Since early January, the THSC policy team stood guard over the 2019 Texas legislative session in Austin. Here is the 2019 legislative summary for Texas families!
The THSC Watchmen spent six months in Austin reviewing legislation as well as analyzing, supporting, opposing, amending and even killing various bills based on whether they supported or threatened family freedoms and homeschooling.
As always, THSC focused its efforts on bills that affected the right of families to raise their children. THSC believes that defending this fundamental right for all parents is essential to the defense of homeschooling. For this reason, the team often became involved in bills that did not specifically relate to homeschooling because the bill had a direct effect on the right of families to raise their children.
This legislative session was packed, and below is the detailed inside scoop on what your advocates did during the 2019 legislative session!
Would have protected the right of families to raise their children.
HB 2756 by Jeff Leach: This bill’s purpose was to update Texas law to reflect the last 100 years of United States Supreme Court case law on the issue of parental rights. It would have provided much-needed clarity on the fundamental constitutional right of parents to raise their children.
The bill received a hearing in the Juvenile Justice and Family Issues Committee in the Texas House of Representatives. However, the bill failed to receive an affirmative vote when it was called up: four nays, two yeas and one present. Two members who were confirmed yea votes were absent. The House bill died here due to opposition from the Texas Family Law Foundation.
SB 2365 by Bryan Hughes: In early May the Senate companion to HB 2756 received a public hearing in the State Affairs Committee. The bill was not brought up for a vote in committee.
HB 3331: The bill passed the House committee with no witnesses testifying against it. However, the bill died in the House Calendars Committee because an unknown member of the committee stalled the bill until it died on a deadline.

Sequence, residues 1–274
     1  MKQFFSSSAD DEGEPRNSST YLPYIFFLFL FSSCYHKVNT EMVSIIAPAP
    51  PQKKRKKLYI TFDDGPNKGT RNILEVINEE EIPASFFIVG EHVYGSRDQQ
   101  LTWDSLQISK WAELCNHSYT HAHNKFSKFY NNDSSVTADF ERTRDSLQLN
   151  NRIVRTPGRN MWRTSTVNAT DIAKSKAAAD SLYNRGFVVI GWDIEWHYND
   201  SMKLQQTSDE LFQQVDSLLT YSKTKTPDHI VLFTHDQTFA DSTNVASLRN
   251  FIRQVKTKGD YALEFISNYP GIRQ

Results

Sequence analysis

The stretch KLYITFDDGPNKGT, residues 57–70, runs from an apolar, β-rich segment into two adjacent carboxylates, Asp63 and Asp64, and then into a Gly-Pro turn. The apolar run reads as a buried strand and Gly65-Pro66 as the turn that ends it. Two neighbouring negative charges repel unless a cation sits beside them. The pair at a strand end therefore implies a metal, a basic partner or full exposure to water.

SB 2091: The Texas Senate declined to move bills early in the session if they had House companions. The Senate’s plan was to wait for the House companions to come over to the Senate. Because HB 3331 died unexpectedly in the House, SB 2091 would have needed to move very quickly through the Senate in order to pass. Unfortunately, the bill did not move fast enough so it died on a deadline.
Would have allowed homeschoolers equal access to extracurricular activities in public schools.
HB 1324: This bill would allow Texas homeschoolers to participate in UIL activities at their local public schools such as sports, speech and debate, choir, band, etc.
After receiving a public hearing on April 4 in the Texas House Public Education Committee, the bill stalled due to heavy opposition from the Texas High School Coaches Association. Significant amounts of money were paid to HillCo Partners, a well-known and well-connected lobbying firm in Texas. This played a significant role in slowing down the bill. Their opposition flipped several yes votes on the committee to no votes. The bill died in committee as a result.
SB 718: The UIL bill never received a public hearing in the Senate due to its insistence on waiting for House bills to come over, rather than moving the Senate bills. The bill died in the Senate without a hearing.
4. HB 1332 (Died in Calendars)
Would have prevented cities from punishing children for being out during school hours.
Authored by State Rep. Celia Israel, HB 1332 would have eliminated juvenile curfews in municipalities. THSC supported this bill because of the disproportionate effect of curfews on homeschoolers who have very flexible schedules and are often out when other children may still be in school.
THSC Watchmen Matthew Lawson testified in favor of the bill in the House Juvenile Justice and Family Issues Committee.